haibun
A Quarterly Journal of Contemporary English Language Haibun
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June 2005, vol 1 no 1

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John W. Sexton, UK

 

Daynight

shaking out earwigs
cut flowers
in each fist

From a narrow window in her head she sees into the courtyard. Weak moonlight washes over the lawns, is defeated by the shadows of the tall hedges, the trees.

A nightjar, restless in leaf mould, cries out from the darkness. Suddenly morning.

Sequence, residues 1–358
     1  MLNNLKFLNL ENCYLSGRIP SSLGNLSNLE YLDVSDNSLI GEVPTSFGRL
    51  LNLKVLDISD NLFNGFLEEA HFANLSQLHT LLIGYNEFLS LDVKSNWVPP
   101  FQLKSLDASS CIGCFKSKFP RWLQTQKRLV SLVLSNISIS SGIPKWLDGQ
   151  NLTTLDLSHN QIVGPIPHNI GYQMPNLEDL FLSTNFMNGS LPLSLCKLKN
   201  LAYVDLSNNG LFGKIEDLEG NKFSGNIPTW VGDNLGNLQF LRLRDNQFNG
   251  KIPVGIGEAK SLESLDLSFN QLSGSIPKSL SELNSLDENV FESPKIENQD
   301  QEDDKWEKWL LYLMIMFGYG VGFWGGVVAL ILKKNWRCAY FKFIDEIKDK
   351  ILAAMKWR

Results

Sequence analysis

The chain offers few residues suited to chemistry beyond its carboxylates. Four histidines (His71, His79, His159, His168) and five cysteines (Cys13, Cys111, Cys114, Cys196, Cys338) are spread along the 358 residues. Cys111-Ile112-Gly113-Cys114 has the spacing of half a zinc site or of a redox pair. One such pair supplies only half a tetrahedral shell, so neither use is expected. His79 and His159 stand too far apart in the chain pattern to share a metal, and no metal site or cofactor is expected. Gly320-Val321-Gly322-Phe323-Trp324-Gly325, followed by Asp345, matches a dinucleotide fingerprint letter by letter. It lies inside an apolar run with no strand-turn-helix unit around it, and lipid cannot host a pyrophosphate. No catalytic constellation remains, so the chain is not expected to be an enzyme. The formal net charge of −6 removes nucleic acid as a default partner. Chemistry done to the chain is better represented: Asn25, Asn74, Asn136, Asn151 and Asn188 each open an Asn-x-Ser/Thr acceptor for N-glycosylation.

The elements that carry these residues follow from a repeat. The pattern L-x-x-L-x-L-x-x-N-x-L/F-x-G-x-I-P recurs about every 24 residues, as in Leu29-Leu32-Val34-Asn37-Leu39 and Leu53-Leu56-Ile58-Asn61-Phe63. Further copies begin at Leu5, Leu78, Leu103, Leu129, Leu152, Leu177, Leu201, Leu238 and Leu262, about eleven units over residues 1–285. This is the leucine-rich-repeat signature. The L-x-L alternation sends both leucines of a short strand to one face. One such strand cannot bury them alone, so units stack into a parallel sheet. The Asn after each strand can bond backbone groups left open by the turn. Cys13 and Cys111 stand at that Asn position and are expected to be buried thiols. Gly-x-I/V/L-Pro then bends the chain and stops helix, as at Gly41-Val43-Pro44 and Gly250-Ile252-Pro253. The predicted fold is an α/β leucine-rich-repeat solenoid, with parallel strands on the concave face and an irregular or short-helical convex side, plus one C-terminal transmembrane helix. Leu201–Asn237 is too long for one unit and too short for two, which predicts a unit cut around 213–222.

five fat Buddhas
she slices apples
into a pan

Suddenly night. She dreams she is a tower with a fire burning in its high turret, sparks glittering into the dark sky. The courtyard is encroached with shadows, shadow-trees wavering towards her, pulling back, stepping forwards.

Suddenly morning. A pain throbbing in her temples she deadheads the roses, bruised petals accumulate at her feet. The sun soaks into dull clouds, the sky a gray flannel.

Suddenly night. Dreaming or dead, how can she tell till she wakes?

 

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